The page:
Homer’s Odyssey is a nostos, or an epic of return, and asks if one can come home again, especially after years of bloody war. In fact, an odyssey is now meant generally as a long journey home, much like Odysseus’ after the fall of Troy. The Odyssey attempts to remake order after the chaos of war. Odysseus, a young man when Agamemnon and Menelaos recruited him for the campaign against Ilium, is now a middle-aged survivor and veteran of that war who must be smarter than the champion Achilles and the leader Agamemnon in order to return home and set his lands in order. War almost seems easy in the light of Odysseus’ journey — at least in war, he knew his enemies. Enemies during peacetime wear many masks; Odyssey must do the same if he is to survive. Odyssey has emenies that can't be be humanly fought; the gods, but Athena helps him to get home safely.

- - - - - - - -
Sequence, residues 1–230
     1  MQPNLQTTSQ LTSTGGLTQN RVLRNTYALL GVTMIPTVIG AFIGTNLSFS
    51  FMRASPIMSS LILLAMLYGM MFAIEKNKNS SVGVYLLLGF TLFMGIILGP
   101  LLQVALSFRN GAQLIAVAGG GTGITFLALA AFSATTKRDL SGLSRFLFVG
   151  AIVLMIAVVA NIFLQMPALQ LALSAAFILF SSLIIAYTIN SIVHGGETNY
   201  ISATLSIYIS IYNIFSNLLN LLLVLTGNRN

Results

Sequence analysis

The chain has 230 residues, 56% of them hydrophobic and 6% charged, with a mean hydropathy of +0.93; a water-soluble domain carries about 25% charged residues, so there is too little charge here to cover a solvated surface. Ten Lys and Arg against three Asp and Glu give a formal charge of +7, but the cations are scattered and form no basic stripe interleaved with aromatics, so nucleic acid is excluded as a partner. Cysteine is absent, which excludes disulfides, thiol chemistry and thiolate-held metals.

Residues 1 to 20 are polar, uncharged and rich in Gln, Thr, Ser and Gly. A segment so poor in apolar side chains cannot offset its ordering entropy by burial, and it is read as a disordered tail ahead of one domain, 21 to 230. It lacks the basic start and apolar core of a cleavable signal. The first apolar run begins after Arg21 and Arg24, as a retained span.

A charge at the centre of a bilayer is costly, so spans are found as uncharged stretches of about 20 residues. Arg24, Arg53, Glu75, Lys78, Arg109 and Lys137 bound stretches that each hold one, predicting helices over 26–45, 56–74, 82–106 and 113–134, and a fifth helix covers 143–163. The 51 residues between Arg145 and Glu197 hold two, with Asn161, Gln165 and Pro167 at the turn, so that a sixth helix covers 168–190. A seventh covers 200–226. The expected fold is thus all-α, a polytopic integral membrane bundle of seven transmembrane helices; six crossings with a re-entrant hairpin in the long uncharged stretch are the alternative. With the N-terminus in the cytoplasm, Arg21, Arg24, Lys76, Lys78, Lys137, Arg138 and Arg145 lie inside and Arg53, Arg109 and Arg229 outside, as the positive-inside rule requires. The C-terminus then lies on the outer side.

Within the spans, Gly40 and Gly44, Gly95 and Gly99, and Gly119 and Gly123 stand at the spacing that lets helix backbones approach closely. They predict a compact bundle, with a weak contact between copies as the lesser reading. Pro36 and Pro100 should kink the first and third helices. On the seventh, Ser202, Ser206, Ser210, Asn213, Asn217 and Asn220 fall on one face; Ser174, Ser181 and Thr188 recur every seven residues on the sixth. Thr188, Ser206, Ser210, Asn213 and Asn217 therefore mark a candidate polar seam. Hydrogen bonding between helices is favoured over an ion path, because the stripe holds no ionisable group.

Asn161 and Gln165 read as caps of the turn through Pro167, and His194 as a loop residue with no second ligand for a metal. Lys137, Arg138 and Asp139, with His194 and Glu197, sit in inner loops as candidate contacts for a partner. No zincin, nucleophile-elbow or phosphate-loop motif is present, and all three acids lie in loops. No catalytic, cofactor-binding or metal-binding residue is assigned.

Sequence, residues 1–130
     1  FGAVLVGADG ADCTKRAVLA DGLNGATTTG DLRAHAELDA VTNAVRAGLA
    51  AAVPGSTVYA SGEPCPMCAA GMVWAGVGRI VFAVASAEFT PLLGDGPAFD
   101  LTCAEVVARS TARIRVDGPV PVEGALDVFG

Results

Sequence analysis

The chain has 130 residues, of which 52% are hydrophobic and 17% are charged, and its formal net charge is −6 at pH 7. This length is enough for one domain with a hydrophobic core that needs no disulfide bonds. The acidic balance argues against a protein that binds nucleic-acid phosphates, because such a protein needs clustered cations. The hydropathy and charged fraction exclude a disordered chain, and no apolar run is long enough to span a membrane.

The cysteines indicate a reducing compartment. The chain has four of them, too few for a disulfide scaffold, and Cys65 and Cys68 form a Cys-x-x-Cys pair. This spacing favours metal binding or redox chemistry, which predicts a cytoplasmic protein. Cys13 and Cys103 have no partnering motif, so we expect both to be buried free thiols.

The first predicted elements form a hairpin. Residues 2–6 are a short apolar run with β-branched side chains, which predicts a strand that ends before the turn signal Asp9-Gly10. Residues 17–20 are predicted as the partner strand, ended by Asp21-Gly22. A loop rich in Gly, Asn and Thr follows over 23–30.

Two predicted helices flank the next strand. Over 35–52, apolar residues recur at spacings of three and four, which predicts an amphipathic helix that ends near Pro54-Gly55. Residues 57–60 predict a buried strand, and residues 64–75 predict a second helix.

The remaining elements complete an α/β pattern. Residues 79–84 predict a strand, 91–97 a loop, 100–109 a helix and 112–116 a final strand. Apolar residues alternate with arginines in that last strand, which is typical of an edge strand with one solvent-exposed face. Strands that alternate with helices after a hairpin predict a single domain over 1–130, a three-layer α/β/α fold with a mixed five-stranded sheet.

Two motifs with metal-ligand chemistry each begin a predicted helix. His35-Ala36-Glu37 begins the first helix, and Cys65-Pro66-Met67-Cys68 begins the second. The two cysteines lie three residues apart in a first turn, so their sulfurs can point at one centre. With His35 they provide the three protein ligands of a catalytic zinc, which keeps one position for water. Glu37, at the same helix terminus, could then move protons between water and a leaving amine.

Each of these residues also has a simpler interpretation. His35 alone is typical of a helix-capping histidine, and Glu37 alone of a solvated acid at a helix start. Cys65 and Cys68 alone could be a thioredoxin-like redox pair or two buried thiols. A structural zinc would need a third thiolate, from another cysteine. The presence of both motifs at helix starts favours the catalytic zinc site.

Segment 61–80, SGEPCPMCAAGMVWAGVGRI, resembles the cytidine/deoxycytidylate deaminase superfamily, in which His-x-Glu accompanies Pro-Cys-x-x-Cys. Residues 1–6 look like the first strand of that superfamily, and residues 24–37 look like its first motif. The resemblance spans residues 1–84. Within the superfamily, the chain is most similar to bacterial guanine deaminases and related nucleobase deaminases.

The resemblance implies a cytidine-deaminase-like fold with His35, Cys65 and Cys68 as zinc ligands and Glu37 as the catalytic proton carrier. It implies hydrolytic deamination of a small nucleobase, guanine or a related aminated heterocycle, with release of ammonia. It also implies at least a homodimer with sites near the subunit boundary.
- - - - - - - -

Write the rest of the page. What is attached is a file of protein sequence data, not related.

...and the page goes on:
The Odyssey’s action is spread over twenty-four books, set in medias res that generally occur half before Odysseus returns home, and half after. Throughout his journey, Odysseus faces numerous challenges that center around the deceits of the gods, the indulgences of men, and the cross-cultural desire to return home. Short summaries and resources for all of the books of Homer’s epic poem the Odyssey are below. Students new to the Odyssey might want to begin with Skidmore (1997).
- Xenia — An ancient tradition lies behind the traveler’s welcome in Greece — and it is a tradition that was fundamentally religious before it became a part of social custom.
Gods and Mortals
List of Characters
The Various Races
The Supernatural Beings
The Odyssey in History
Also see the bibliography. For secondary works on specific books, also see the individual book pages above.